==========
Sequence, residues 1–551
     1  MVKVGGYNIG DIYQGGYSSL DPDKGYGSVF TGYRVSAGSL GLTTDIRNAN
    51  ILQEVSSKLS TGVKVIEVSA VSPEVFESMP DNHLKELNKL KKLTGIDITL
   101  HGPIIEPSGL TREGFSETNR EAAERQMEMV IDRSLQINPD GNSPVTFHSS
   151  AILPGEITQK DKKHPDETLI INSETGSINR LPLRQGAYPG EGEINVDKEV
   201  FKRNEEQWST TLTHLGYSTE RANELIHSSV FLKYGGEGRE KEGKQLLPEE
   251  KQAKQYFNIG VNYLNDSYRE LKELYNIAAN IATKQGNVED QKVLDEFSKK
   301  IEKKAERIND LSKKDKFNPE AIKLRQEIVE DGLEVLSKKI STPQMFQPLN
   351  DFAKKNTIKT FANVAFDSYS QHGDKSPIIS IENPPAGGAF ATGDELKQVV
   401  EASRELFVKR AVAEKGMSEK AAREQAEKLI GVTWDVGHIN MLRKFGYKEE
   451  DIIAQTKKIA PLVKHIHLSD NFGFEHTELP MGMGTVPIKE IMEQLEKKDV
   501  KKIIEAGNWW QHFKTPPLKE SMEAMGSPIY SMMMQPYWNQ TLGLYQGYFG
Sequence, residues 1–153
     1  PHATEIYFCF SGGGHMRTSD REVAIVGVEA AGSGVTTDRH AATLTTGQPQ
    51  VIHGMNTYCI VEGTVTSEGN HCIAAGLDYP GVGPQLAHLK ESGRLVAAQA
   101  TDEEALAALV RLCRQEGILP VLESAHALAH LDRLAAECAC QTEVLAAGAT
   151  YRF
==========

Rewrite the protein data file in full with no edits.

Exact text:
Sequence, residues 1–551
     1  MVKVGGYNIG DIYQGGYSSL DPDKGYGSVF TGYRVSAGSL GLTTDIRNAN
    51  ILQEVSSKLS TGVKVIEVSA VSPEVFESMP DNHLKELNKL KKLTGIDITL
   101  HGPIIEPSGL TREGFSETNR EAAERQMEMV IDRSLQINPD GNSPVTFHSS
   151  AILPGEITQK DKKHPDETLI INSETGSINR LPLRQGAYPG EGEINVDKEV
   201  FKRNEEQWST TLTHLGYSTE RANELIHSSV FLKYGGEGRE KEGKQLLPEE
   251  KQAKQYFNIG VNYLNDSYRE LKELYNIAAN IATKQGNVED QKVLDEFSKK
   301  IEKKAERIND LSKKDKFNPE AIKLRQEIVE DGLEVLSKKI STPQMFQPLN
   351  DFAKKNTIKT FANVAFDSYS QHGDKSPIIS IENPPAGGAF ATGDELKQVV
   401  EASRELFVKR AVAEKGMSEK AAREQAEKLI GVTWDVGHIN MLRKFGYKEE
   451  DIIAQTKKIA PLVKHIHLSD NFGFEHTELP MGMGTVPIKE IMEQLEKKDV
   501  KKIIEAGNWW QHFKTPPLKE SMEAMGSPIY SMMMQPYWNQ TLGLYQGYFG
Sequence, residues 1–153
     1  PHATEIYFCF SGGGHMRTSD REVAIVGVEA AGSGVTTDRH AATLTTGQPQ
    51  VIHGMNTYCI VEGTVTSEGN HCIAAGLDYP GVGPQLAHLK ESGRLVAAQA
   101  TDEEALAALV RLCRQEGILP VLESAHALAH LDRLAAECAC QTEVLAAGAT
   151  YRF